Note: an early Christian theologian whose writings were very influential in the development of Western Christianity and Western philosophy. ... Writing during the Patristic Era, he is viewed as one of the most important Church Fathers --Wikipedia
Comment: To judge by the large number of manuscripts which have survived, and the dog-eared condition of many of them, Augustine's work was by far the most widely circulated and read of the entire Middle Ages. --Paul Johnson
Comment: St. Augustine thought he had found / The sin by which mankind is bound: / 'It was not,' so said he, / 'The fruit on the tree, / But the lust of the pair on the ground.' --Bob L. Staples
On Lying (De mendacio, 374)
On the Teacher (De magistro, c. 389)
Four stars: Confessions (Confessiones, 397-398)
Comment: although it takes a long time to reach the actual conversion, Augustine is throughout in some relation to God, either fearing him, doubting him, misunderstanding him, seeing him, rejecting him, or, finally, accepting him. --Peter Wolff
Comment: Comparing the tone and intention of Augustine's writing about himself with the cheerfulness, the blandness even, of Socrates' 'Apology', say, prompts the thought that there must be something distinctively Christian in Augustine's obsessiveness in self-interrogation, amounting at times almost to desperation. --Anthony O'Hear
On Christian Doctrine (De doctrina christiana, 397, 426)
Reply to Faustus the Manichaean (Contra Faustum [Manichaeum], c. 400)
One star: The City of God (De civitate Dei, 413-426)
Treatises on the Gospel of John (In Iohannis evangelium tractatus, 416)
To Consentius, Against Lying (Contra mendacium [ad Consentium], 420)
On Patience (De patientia, 421)
Enchiridion (421)
also
Your Own Mystery (c. 430) Etext: Assembly (March 1997)

Two stars: Mahabharata (4th Century A.D.) Etext: The Online Books Page
Note: one of the two major Sanskrit epics of ancient India, the other being the Ramayana. Besides its epic narrative of the Kurukshetra War and the fates of the Kaurava and the Pandava princes, the Mahabharata contains much philosophical and devotional material ... Traditionally, the authorship of the Mahabharata is attributed to Vyasa. --Wikipedia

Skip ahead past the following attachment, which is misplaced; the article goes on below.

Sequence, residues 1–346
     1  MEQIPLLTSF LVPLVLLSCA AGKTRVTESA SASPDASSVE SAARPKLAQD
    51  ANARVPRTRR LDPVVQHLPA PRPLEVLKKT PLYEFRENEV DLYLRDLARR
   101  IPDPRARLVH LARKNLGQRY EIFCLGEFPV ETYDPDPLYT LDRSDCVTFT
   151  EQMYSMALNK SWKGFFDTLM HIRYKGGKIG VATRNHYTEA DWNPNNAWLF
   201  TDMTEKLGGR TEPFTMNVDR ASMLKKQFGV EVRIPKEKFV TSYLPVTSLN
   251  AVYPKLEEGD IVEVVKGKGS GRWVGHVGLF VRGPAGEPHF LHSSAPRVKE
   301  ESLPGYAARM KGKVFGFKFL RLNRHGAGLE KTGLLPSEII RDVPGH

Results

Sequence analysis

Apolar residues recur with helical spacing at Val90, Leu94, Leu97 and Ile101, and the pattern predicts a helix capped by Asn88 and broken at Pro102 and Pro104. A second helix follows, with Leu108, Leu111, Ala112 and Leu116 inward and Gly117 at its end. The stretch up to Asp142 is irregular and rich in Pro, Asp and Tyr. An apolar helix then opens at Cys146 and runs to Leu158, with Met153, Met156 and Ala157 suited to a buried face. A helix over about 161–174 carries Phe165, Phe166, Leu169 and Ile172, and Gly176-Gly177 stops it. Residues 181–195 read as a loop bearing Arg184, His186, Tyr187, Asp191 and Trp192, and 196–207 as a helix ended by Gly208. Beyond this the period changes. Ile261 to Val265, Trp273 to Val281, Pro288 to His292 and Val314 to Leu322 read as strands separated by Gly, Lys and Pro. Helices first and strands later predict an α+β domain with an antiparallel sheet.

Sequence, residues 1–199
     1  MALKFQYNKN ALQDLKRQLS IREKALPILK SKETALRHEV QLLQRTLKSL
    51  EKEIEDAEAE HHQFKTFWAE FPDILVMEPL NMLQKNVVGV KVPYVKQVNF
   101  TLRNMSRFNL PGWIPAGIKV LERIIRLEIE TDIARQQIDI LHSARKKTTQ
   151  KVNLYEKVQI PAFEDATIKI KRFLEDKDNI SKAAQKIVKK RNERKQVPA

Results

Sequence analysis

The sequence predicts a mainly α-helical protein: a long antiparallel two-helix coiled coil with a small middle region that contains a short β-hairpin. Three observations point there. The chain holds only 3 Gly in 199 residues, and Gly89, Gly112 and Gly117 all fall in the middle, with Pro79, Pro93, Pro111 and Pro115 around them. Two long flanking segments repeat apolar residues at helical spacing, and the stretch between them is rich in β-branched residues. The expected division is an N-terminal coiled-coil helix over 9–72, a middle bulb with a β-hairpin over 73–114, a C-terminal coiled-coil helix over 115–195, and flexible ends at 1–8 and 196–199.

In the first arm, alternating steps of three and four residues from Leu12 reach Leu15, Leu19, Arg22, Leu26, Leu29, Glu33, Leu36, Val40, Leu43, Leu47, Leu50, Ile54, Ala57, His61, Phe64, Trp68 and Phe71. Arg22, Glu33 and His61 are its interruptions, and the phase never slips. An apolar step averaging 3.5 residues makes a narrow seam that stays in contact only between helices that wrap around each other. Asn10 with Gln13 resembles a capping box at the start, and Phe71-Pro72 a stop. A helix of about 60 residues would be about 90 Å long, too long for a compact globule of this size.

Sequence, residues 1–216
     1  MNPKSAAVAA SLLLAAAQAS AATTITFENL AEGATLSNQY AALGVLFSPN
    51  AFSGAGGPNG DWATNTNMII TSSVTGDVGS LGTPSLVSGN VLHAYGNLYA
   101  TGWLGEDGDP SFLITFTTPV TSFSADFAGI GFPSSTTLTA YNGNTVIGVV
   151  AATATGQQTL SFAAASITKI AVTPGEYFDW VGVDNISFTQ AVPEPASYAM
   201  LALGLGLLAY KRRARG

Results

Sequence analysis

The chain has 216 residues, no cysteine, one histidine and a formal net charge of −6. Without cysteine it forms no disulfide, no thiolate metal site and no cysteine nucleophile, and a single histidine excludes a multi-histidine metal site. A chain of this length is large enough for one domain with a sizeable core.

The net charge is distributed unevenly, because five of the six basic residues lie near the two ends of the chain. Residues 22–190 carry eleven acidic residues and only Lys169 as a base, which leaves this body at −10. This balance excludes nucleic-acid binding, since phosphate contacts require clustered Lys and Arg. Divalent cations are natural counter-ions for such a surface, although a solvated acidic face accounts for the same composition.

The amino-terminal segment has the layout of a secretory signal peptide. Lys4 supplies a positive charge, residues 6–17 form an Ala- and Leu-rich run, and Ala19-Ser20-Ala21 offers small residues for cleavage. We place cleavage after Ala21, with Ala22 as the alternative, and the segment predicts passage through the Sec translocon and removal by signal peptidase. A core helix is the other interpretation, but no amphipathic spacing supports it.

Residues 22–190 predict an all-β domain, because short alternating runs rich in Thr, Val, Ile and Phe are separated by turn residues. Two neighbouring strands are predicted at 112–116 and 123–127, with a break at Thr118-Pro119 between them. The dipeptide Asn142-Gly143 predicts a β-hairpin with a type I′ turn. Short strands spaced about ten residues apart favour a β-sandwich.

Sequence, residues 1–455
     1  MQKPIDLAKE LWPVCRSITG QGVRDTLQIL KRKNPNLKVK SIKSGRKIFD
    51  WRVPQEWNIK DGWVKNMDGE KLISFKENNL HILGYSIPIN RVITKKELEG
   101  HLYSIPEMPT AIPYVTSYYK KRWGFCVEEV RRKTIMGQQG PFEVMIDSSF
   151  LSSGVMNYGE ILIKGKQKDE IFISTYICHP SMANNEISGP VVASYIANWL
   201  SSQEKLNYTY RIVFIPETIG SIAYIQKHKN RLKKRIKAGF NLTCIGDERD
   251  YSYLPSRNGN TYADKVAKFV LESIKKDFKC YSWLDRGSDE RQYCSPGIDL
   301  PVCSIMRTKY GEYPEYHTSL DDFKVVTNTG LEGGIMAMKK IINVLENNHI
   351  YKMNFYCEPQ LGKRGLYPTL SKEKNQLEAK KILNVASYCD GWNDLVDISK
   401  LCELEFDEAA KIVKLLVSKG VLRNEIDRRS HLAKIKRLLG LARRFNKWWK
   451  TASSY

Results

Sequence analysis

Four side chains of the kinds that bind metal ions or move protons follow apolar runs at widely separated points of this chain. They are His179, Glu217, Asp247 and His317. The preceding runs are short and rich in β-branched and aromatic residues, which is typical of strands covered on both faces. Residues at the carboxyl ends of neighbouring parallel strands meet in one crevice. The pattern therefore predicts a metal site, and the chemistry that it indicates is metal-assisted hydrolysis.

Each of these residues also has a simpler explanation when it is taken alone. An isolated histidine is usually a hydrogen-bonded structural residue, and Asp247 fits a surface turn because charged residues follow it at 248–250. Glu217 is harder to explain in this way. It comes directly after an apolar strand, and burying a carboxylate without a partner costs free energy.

Comment: Through a process perhaps analogous to that by which Greek heroic poetry coalesced around the Trojan War, the plot of this poem ostensibly crystallized around the tale of a struggle between rival claimants to the throne of a minor Indian kingdom. But the Mahabarata includes an extraordinary diversity of matter, most of which is only loosely attached to the central theme. --William H. McNeill
Comment: The longer of the two major Indian epics, it is primarily a folk epic that includes many religious poems, didactic passages, myths, and legends, and as such is the modern encyclopedic source for the significant themes of Indian civilization. --A Guide to Oriental Classics
includes
Three stars: Bhagavad Gita ("The Song of the Bhagavan") Etext: The Online Books Page | Bhagavad-Gita Trust Criticism: post
Note: a 700-verse scripture that is part of the Hindu epic Mahabharata. The Gita is set in a narrative framework of a dialogue between Pandava prince Arjuna and his guide Lord Krishna. --Wikipedia
Comment: this is not a treatise on war, but a treatise on the nature of responsible action. Krishna teaches the yoga, or discipline, of action: to act and be involved in the world, without personal or egotistical attachment to the fruits of those actions. --Diana Eck

One star: Talmud (Mishna, c. 200; Gemara, c. 500) Etext: The Online Books Page | Sacred Texts Study: E-Daf
Note: a central text of Rabbinic Judaism. --Wikipedia
Comment: The Talmud is a huge encyclopaedia of laws both Levitical and ceremonial (the Hallakhah) and of parables, tales and anecdotes (the Haggadah). --Philip Ward
includes
Sayings of the Fathers (Pirkei Aboth) Etext: The Online Books Page
Note: a compilation of the ethical teachings and maxims of the Rabbis of the Mishnaic period. ... The teachings of Pirkei Avot appear in the Mishnaic tractate of Avot, the second-to-last tractate in the order of Nezikin in the Talmud. --Wikipedia

AMBROSE (339-397) Etext: The Online Books Page | Christian Classics Ethereal Library | New Advent
Note: an archbishop of Milan who became one of the most influential ecclesiastical figures of the 4th century. He was one of the four original doctors of the Church. ... He is notable for his influence on St. Augustine. --Wikipedia
Note: 'si fueris Romae, Romano vivito more; si fueris alibi, vivito sicut ibi' (374; 'if you were in Rome, live in the Roman way; if you are elsewhere, live as they do there') --ed.
Letter to Simplicianus (c. 387)

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Revised February 4, 2014.